Clouds of grey smoke from the strikes hung over Gaza, where the health ministry said nearly 200 people had been killed since the pause in hostilities expired early Friday.
As Israeli war on Gaza resumed, Hamas's armed wing received "the order to resume combat" and to "defend the Gaza Strip", according to a source close to the group.
International leaders and humanitarian groups condemned the return to Israeli bombardments.
"I deeply regret that military operations have started again in Gaza," UN secretary-general Antonio Guterres said on X, formerly Twitter.
Fears of a wider regional conflict grew after the Syrian defense ministry said Israeli strikes had hit Damascus on Saturday and the resistance group Hezbollah said one of its members had been killed in an Israeli strike on Lebanon on Friday.
The United States said it is working with regional partners to reach another ceasefire.
"We're going to continue to work with Israel and Egypt and Qatar on efforts to reimplement the pause," US Defense Secretary Lloyd Austin told reporters in California on Friday.
Israel unleashed an air and ground campaign on Gaza, on 7 October that has killed more than 15,000 people, almost two-thirds of them women and children, the Gaza authorities say.
The Israeli occupation army said on Friday that five of the captives held by Hamas had died, and that the group was still holding 136.
Mediation efforts by Qatar and Egypt were ongoing, said a source briefed on the talks who asked not to be named.
During the seven-day truce, Hamas freed 80 Israeli captives in exchange for 240 Palestinian detainees, and more aid entered Gaza.
Twenty-five other detainees, mostly Thais, were also freed in separate arrangements.
Seven days of prisoner exchanges had yielded jubilation in the streets of the occupied West Bank as Palestinian detainees, children and women, walked free from Israeli jails.
On Thursday, eight Israeli, some holding dual nationality, were released in the seventh round of exchanges under the truce.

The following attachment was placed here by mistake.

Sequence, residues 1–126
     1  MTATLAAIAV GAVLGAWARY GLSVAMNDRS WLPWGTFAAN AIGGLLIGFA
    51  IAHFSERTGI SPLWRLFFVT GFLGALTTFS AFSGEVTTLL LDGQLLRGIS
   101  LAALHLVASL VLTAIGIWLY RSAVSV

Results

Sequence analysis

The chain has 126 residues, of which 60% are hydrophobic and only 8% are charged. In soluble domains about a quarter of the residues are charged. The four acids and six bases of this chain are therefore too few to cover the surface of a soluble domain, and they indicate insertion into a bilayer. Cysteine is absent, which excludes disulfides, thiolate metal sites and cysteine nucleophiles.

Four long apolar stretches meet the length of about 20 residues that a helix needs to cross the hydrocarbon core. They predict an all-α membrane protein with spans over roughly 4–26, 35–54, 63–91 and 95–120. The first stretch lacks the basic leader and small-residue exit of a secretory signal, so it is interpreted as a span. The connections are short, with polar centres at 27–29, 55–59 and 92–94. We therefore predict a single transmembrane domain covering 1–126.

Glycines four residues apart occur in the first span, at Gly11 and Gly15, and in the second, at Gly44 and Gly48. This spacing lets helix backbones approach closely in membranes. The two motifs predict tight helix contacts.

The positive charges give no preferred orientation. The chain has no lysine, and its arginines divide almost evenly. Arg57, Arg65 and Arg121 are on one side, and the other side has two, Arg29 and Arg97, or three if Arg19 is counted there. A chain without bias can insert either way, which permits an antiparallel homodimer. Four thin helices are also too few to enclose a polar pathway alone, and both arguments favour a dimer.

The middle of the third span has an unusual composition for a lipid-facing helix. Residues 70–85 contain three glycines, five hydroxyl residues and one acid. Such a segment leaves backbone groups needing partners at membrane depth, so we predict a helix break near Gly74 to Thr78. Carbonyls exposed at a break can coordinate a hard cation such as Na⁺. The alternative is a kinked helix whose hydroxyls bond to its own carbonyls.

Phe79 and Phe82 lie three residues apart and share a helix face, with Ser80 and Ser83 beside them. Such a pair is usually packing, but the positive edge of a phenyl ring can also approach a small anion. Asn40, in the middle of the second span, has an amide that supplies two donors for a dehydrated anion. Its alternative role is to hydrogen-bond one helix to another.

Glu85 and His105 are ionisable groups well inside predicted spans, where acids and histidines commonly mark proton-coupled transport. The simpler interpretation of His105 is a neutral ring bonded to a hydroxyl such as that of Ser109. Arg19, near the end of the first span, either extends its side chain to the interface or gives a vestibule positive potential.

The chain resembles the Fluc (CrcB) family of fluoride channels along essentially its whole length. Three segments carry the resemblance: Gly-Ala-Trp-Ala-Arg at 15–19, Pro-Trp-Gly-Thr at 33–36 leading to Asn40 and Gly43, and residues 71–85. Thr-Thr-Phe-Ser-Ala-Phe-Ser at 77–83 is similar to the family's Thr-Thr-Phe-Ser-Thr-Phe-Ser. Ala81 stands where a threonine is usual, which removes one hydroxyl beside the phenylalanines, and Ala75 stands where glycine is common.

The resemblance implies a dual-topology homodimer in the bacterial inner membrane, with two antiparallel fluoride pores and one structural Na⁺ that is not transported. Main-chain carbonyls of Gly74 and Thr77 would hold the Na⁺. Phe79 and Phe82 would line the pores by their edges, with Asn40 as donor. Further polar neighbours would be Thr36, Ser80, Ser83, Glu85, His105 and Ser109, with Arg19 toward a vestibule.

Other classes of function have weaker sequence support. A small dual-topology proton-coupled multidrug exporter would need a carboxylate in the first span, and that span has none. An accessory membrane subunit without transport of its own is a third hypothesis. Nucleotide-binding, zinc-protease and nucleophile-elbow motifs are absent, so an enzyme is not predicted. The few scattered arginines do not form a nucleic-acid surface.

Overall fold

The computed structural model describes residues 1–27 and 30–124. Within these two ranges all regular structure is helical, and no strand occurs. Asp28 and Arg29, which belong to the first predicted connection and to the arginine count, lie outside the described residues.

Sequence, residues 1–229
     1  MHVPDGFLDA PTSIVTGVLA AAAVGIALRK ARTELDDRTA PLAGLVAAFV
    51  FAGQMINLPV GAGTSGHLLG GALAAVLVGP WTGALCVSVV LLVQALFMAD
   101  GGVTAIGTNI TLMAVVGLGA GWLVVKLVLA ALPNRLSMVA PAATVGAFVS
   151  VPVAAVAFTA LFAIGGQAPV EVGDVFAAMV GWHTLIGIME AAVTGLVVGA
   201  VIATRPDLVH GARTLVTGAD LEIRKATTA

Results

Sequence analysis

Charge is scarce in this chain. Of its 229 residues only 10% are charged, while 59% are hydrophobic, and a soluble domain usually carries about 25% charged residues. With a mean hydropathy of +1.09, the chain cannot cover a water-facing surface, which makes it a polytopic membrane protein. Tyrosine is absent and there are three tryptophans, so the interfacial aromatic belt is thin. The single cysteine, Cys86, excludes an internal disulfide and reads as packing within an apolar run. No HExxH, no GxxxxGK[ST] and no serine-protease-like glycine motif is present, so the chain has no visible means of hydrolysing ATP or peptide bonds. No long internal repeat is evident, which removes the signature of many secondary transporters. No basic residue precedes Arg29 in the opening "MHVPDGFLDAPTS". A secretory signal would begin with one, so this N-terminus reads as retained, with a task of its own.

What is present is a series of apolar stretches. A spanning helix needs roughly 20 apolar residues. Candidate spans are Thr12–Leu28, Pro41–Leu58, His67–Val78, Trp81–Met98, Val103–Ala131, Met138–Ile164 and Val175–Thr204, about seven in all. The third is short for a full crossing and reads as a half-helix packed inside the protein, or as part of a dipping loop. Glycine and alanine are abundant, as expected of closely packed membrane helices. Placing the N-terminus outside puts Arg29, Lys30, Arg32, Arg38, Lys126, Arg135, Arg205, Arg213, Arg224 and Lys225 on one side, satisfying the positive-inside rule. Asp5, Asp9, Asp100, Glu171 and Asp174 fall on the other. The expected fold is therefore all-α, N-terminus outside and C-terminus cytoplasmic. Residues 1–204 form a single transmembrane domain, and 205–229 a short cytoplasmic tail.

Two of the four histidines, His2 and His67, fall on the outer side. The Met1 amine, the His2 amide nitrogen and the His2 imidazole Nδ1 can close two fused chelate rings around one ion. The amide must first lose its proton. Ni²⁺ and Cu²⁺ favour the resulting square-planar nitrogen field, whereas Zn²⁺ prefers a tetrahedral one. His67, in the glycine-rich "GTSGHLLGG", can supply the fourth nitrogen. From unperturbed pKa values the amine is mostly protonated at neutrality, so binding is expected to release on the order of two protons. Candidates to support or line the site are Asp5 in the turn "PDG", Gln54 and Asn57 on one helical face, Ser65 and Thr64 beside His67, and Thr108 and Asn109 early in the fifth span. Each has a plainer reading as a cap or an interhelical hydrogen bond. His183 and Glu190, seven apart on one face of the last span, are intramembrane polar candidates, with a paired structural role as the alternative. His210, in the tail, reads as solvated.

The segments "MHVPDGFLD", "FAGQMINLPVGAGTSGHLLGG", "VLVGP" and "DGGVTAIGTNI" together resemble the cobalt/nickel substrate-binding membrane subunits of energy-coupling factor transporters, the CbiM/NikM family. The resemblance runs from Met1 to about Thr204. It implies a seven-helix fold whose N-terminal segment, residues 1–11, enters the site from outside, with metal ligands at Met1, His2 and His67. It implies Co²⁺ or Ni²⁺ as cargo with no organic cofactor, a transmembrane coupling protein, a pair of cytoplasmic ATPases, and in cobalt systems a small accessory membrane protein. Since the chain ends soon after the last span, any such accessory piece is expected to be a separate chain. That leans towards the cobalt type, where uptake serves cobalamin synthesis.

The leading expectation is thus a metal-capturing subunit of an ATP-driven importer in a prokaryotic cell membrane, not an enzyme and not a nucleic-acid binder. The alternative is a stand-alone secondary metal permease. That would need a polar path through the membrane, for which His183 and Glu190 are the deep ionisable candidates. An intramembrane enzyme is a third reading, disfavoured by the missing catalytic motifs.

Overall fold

Israel's prison service later said another 30 Palestinian detainees -- 23 children and seven women -- had been freed.
Hamas said it had offered to hand over the bodies of a mother and her two sons -- one of them a baby -- in talks to extend the now-expired truce, but Israel refused.
Israeli officials refused to comment.
US Secretary of State Antony Blinken told reporters in Dubai that the United States remained "intensely focused on getting everyone home, getting hostages back" and "pursuing the process that had worked for seven days" during the truce.
The Israeli military said that ground, air and naval forces struck targets in the north and south of the Gaza Strip, including in Khan Yunis and Rafah.
Guterres has warned of a "humanitarian catastrophe" in Gaza, where the United Nations says 1.7 million people are displaced and short of food, water and other essentials.
"The healthcare service is on its knees," Rob Holden, a World Health Organization (WHO) senior emergency officer, told journalists from Gaza as explosions were heard in the background.
"It is like a horror movie."
On a bed at Khan Yunis's Nasser hospital, Amal Abu Dagga wept, her beige veil covered in blood.
"I don't even know what happened to my children," she said. A relative, Jamil Abu Dagga, told AFP the family had been at home when the bombs started falling.
The Israeli military published a map of "evacuation zones" in the Gaza Strip that it said would enable residents to "evacuate from specific places for their safety if required".
Residents in various areas of Gaza were sent SMS warnings on Friday.
"Stay away from all military activity of every kind," the warnings said, but their is no safe place in Gaza as Israel strikes everywhere.
Hours after the truce collapsed, Israeli bombardment killed three people in southern Lebanon, one of them a Hezbollah member, according to the resistance group.
Hezbollah meanwhile claimed its first attacks on Israel since the truce ended.